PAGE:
Dealing with an angry child

Anger is a normal and useful emotion, it can tell children that things are not right or fair. But watch out for children’s behaviour becoming out of control or aggressive because of anger.

Don’t be afraid to explore the causes of angry emotions. Helping your child learn to deal with anger in a healthy manner has many benefits. In the short term it stops anger from causing your child and your family distress. In the longer term it helps them learn to solve problems and cope with emotions.

Don’t judge children for their anger

Team up with your child to help them deal with their anger. This way, you let your child know that the anger is the problem, not them.

With younger children this can be fun and creative. Give anger a name and try drawing it. For example, anger can be a volcano that eventually explodes.

How you respond to anger can influence how your child responds to anger. Making it something you do together can help you both.

Find the anger triggers

Work together to try to find out what triggers the anger. You’ll learn to recognise the early warning signs that anger is starting to rise.

Talk together about strategies you and your child can use against anger. You could encourage your child to count to 10 or walk away from the situation.

When you see the early warning signs, give your child a gentle reminder that anger may be trying to sneak up. This gives them the chance to try their strategies.

Have a specific goal

Have an agreed goal to work towards, with a way of recognising what you’re achieving together. You could have a star chart on the wall and reward your child with stickers for keeping anger away for a whole hour, then gradually move to half a day, then a day and so on.

Praise your child

Positive feedback is important. Praise your child’s efforts and your own efforts, no matter how small. This will build your child’s confidence in the battle against anger. It will also help them feel that you’re both learning together.  The more time you spend on praising their efforts, the less time there is for punishment for failing.

How to recognise anger in children

Changes in your child’s thoughts and feelings will lead to changes in their body language and their behaviour. These could include:

  • clenched fists
  • tightness or tenseness in their body
  • verbal outbursts
  • a particular facial expression
  • hitting out

When anger takes over, it can come in different forms, from a verbal outburst to being physically aggressive and causing damage to furniture.

Anger can sometimes make children act in a way that’s harmful to themselves or others. For example, punching walls or hitting out. Try to make the surrounding environment as safe as possible if this happens.

If you’re concerned that anger is taking over your child and your family please contact me.

Panic Attacks

What is a panic attack?

A sudden rush of physical and emotional symptoms that can occur apparently without warning

Physical symptoms include:

  • Heart palpitations
  • Shortness of breath
  • Tightness in the chest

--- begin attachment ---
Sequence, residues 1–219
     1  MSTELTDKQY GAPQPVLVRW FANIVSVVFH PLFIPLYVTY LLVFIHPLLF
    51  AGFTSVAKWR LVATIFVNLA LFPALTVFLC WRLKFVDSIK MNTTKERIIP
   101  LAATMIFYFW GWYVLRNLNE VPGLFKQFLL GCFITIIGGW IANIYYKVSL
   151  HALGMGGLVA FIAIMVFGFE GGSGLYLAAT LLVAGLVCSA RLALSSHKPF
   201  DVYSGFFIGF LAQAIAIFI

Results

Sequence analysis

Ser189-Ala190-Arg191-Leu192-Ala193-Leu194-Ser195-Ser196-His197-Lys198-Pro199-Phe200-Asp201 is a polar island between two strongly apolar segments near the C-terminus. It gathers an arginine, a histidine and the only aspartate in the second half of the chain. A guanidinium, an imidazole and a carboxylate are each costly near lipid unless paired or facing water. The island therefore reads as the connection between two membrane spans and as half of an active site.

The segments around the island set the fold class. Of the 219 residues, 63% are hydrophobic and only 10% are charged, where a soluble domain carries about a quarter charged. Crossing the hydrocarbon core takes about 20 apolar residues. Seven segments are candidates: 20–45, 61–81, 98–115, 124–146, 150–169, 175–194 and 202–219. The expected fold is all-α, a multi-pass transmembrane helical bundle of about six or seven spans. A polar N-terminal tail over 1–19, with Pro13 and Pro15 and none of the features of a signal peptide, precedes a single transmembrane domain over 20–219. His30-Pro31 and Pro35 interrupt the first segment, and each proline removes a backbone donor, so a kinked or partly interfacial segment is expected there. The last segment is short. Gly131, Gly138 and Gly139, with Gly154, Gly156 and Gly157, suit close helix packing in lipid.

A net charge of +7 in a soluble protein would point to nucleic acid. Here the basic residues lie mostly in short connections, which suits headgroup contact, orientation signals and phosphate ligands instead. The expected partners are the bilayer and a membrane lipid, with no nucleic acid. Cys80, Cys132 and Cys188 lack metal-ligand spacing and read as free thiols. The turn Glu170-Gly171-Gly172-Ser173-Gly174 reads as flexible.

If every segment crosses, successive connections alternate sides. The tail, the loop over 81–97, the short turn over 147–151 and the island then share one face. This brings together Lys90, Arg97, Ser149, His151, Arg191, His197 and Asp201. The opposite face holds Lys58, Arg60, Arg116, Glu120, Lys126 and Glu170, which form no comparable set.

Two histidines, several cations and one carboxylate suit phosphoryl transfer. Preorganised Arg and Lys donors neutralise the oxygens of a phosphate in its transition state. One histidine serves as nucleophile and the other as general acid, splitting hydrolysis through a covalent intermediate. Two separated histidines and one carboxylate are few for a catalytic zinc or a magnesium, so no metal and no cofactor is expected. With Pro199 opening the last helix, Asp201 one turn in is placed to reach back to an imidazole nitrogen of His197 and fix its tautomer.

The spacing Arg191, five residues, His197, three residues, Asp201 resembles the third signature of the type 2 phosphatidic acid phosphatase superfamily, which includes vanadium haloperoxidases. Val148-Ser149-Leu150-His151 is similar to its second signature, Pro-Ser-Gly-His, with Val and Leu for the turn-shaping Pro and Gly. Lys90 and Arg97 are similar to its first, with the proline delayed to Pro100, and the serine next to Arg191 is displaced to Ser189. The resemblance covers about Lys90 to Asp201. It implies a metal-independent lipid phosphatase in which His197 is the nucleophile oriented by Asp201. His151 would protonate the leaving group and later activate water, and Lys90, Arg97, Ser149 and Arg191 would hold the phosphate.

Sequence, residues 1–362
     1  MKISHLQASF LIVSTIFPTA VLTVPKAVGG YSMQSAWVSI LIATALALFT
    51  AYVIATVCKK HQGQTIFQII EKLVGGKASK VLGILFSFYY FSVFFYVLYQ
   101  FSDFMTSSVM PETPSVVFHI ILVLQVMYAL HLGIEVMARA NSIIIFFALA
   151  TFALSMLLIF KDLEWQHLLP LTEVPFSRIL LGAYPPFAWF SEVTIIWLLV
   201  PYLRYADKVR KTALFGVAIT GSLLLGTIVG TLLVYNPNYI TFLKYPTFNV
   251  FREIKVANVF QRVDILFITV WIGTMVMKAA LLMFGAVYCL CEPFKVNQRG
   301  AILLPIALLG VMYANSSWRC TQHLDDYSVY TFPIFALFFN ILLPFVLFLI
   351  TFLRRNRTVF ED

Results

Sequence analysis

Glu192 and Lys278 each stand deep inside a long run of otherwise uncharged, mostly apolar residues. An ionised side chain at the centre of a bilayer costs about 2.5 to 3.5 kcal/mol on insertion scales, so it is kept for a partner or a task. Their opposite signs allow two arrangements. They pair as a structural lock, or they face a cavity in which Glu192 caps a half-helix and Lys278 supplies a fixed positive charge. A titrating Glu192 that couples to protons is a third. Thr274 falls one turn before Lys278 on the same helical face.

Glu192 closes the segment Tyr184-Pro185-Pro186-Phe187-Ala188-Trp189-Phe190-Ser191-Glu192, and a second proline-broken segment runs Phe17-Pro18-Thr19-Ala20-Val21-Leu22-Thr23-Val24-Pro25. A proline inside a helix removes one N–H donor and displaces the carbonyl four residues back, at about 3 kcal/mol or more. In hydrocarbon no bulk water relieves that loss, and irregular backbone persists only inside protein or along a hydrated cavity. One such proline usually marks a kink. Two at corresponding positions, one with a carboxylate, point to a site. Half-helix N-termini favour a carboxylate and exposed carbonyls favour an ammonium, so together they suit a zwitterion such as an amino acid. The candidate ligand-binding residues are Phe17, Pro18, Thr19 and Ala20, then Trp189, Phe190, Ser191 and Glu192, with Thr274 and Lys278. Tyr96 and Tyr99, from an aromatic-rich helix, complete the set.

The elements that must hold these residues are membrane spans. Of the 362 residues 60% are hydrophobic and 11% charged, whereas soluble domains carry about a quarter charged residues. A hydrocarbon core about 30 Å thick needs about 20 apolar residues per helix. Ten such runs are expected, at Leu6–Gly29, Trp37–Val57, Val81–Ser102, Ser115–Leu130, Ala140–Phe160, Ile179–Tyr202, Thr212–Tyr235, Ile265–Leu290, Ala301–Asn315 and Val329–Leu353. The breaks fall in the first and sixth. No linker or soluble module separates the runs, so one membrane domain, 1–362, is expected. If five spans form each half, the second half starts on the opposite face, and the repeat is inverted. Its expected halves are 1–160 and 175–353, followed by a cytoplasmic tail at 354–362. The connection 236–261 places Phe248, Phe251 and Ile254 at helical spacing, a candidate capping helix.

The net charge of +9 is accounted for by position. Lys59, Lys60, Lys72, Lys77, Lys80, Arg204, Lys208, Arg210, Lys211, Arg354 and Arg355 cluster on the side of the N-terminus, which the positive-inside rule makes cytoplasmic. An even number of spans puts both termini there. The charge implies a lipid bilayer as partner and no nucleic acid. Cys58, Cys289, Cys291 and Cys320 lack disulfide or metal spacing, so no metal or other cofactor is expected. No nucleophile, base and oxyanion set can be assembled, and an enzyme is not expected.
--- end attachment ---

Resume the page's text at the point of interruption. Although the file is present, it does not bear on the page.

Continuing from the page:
• Increased sweating
  • Clammy hands
  • Light-headedness, dizziness, faintness
  • Shaking or trembling
  • Nausea

Psychological symptoms include:

  • An impulse to run away
  • Fear of dying, going crazy, going out of control
  • Feeling of unreality

What causes it?

Physiologically the body is reacting to a perceived threat – a similar reaction to the need to escape from a physical danger eg a fire or an accident. The body produces large quantities of a hormone – adrenalin which causes increased heart rate, breathing, muscle tension.

With panic attacks normally there is no apparent or immediate danger and they frequently happen in the most ordinary settings, on a train, in a shop, lecture etc. The lack of obvious explanation can make them more frightening. Sometimes they occur in settings that are more obviously stressful eg in an exam, in a crowd but soon the attack may become more frightening than the situation itself.

Your panic attacks are likely to make you feel out of control and dependent; the victim of your bodily reactions and outside circumstances. The first step along the road to recovery is recognising that you have the power to control your symptoms.  

If you would like to learn ways of managing your panic please contact me.

What is Spiritual Wellness?

Spiritual wellness is not:

Being a deeply religious person.

Attending a place of worship on a regular basis.

Forcing a set belief system on one self and expecting others to follow.

Living life according to rigid rules and cultural norms.

Doing what you want to do, and not caring for what others think because your way and belief system is the right way to live.

Is not a one fit for all approach to life.

 Spiritual wellness is:

Developing a life purpose

Having the ability to spend reflective time alone

Spending time reflecting on the meaning in life

Having a sense of right and wrong and being able to act accordingly

Having a relationship with yourself, your heart, and your soul (essence of your being and life purpose).

Caring and acting for the welfare of others and the environment

Being able to practice forgiveness and compassion in life.

Being authentic.